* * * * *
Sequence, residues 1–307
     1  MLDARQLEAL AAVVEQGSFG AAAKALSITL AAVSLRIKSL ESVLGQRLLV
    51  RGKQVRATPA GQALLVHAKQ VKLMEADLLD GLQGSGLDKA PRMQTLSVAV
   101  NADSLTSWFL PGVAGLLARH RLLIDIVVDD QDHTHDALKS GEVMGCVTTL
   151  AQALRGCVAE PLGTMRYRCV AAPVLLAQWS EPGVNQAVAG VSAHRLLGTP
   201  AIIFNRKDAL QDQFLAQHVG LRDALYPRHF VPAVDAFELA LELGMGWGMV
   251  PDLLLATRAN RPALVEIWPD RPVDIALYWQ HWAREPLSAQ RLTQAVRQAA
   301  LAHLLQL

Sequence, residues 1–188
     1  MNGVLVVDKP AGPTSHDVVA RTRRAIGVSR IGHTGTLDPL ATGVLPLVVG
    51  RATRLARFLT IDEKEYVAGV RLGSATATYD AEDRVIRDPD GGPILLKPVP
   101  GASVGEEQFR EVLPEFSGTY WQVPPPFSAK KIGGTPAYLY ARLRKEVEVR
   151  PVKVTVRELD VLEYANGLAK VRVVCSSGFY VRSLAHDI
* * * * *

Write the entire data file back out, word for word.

Sequence, residues 1–307
     1  MLDARQLEAL AAVVEQGSFG AAAKALSITL AAVSLRIKSL ESVLGQRLLV
    51  RGKQVRATPA GQALLVHAKQ VKLMEADLLD GLQGSGLDKA PRMQTLSVAV
   101  NADSLTSWFL PGVAGLLARH RLLIDIVVDD QDHTHDALKS GEVMGCVTTL
   151  AQALRGCVAE PLGTMRYRCV AAPVLLAQWS EPGVNQAVAG VSAHRLLGTP
   201  AIIFNRKDAL QDQFLAQHVG LRDALYPRHF VPAVDAFELA LELGMGWGMV
   251  PDLLLATRAN RPALVEIWPD RPVDIALYWQ HWAREPLSAQ RLTQAVRQAA
   301  LAHLLQL

Sequence, residues 1–188
     1  MNGVLVVDKP AGPTSHDVVA RTRRAIGVSR IGHTGTLDPL ATGVLPLVVG
    51  RATRLARFLT IDEKEYVAGV RLGSATATYD AEDRVIRDPD GGPILLKPVP
   101  GASVGEEQFR EVLPEFSGTY WQVPPPFSAK KIGGTPAYLY ARLRKEVEVR
   151  PVKVTVRELD VLEYANGLAK VRVVCSSGFY VRSLAHDI